Hojjatieh

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Hojjatieh (in Persian: انجمن حجتیه ) — also called Hojjatieh Society — is a traditionalist Shi'a lay religious organization founded in Iran that stresses adherence to orthodoxy and opposition to perceived heresy through non-violent evangelism. It was founded in response to emerging heterodox and messianic movements such as the Bahá'í Faith,[1] Ruhollah Khomeini's political messianism and his theories regarding theocratic leadership,[citation needed] and various strands of Sunni extremism such as Salafism and Wahhabi movement.[citation needed]

According to the Encyclopædia Iranica, the organization was strictly pacifist and totally opposed to violence and persecution:

As the leaders of Ḥojjatiya were committed to a non-violent, persuasive strategy in dealing with Bahais, the Association did not take part in persecution of Bahais in post-revolutionary Iran. For all Ḥalabi’s animus against Bahais, he was a disciplined pacifist. He was distraught by violence and repeatedly warned his followers: “This is not the way, this is not our way” (interview with Nāder Fāżeli, 2003).[2]

However members of the organization were taught to use subterfuge to infiltrate among Bahá'ís, steal hard to make copies of books, verbally harass Bahá'ís, slander Bahá'í religious figures, and spread rumors which denied Bahá'ís employment.[3]

"(The leaders of Hojjatieh), more than the desecration of the Baha'i cemetery in 1979, or the damage against Baha'i communal and private property, represent the deliberateness of the campaign against the Baha'is, a campaign that continued after them."[3]

History[edit]

The organization was founded in 1953 in Tehran by a member of the Shia clergy, Shaikh Mahmoud Halabi, with permission of Ayatollah Seyyed Hossein Borujerdi.[3] The founding premise of the organization was that the most immediate threat to Islam was the Bahá'í Faith, which they viewed as a heresy that must be eliminated.[4] The group also opposes both Sunniism and Ruhollah Khomeini's heterodox concept of Velayat-e Faqih, which mainline Shi'a clergy viewed as heretical. An earlier organization was founded by Halabi, the Anjoman-e Imám-e Zaman (called Anjoman-e Zedd-e Bahá'í privately) which later was renamed to the Anjoman-e Hojjatieh Mahdavieh (called Hojjatieh for short) after the Iranian Revolution.[3] Halabi and his followers supported Mohammad Mosaddegh.[5] Following the toppling of Mosaddegh, the Shah, Mohammad Reza Pahlavi, allowed their activities.[5]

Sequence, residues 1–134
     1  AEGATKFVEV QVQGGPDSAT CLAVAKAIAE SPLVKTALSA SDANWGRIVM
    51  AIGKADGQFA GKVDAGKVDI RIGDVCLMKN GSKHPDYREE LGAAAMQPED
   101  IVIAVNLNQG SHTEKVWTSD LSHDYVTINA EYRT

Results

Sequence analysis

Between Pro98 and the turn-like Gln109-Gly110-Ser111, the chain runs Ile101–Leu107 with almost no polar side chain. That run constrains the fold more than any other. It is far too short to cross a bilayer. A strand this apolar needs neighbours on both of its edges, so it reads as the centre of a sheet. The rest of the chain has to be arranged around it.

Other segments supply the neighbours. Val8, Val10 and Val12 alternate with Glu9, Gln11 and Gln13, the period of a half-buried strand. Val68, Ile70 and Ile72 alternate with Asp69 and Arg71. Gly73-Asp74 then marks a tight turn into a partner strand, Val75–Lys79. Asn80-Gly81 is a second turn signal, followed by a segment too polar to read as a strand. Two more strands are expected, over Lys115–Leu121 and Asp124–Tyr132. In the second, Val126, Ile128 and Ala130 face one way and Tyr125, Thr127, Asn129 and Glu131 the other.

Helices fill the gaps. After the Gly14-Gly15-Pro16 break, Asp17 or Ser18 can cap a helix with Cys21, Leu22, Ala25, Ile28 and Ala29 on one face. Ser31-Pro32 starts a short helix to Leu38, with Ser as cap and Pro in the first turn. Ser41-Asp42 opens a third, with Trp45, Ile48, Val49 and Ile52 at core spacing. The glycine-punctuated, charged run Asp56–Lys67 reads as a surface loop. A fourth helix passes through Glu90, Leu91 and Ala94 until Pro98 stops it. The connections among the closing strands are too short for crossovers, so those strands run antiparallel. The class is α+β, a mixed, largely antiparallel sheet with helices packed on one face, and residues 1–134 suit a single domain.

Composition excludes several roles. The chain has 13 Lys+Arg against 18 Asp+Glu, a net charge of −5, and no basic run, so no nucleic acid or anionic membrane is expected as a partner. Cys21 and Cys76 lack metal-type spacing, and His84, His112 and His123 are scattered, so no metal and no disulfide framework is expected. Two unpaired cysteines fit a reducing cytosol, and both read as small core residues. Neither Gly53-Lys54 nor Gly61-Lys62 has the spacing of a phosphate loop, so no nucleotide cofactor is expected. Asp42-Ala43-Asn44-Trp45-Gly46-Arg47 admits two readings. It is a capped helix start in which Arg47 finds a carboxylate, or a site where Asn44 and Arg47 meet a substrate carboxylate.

In March to June 1955, the Ramadan period that year, a widespread systematic program was undertaken cooperatively by the government and the clergy.[5] During the period they destroyed the national Bahá'í Center in Tehran, confiscated properties and made it illegal for a time to be Bahá'í (punishable by 2 to 10 year prison term).[6] Founder of SAVAK, Teymur Bakhtiar, took a pick-axe to a Bahá'í building himself at the time.[7]

Halabi is said to have worked with SAVAK security agency under Shah Mohammad Reza Pahlavi, offering his full cooperation in fighting "other heathen forces, including the Communists." By doing so he was given freedom to recruit members and raise funds, and by 1977 Hojjatieh is said to have had 12,000 members. However, since the Shah's regime, in Halabi's view, allowed the Baha'is too much freedom, he then supported Khomeini's movement to overthrow the Shah.[8]

The group flourished during the 1979 Iranian Revolution that ousted the Shah and installed an Islamic government in his place. However, after Ayatollah Ruhollah Khomeini's speech in July 1983, Halabi announced that the organization was disestablished, and Halabi went to Mashhad on the same day.[9] Nevertheless, there have been mentions of it again circa 2002-2004.[7]

Origin of the name[edit]

The name of the organization, Hojjatieh, originates from the word Hojjat.[1] Its English equivalent is proof, and denotes one of the titles of the Mahdi.[1]

Doctrine[edit]

The Hojjatieh society has been described as "an underground messianic sect ... which hopes to quicken the coming of the apocalypse"[10] in order to hasten the return of the Mahdi, the prophesied future redeemer of Islam. However, according to legal scholar Noah Feldman, the idea that supporters "want to bring back the imam by violence, rather than ... wait piously and prepare for the imam's eventual return on his own schedule," is a misinterpretation of the society's position common "outside Iran". In fact, the "Hojjatiya Society was banned and persecuted by Khomeini's government in part for its quiescent view that the mahdi's arrival could not be hastened." [11] Those who adhere to this perspective claim Hojjatieh is a millenarian group who put great stock on the return of the Mahdi and the idea of such a return bringing happiness to true believers.[citation needed]

Methods[edit]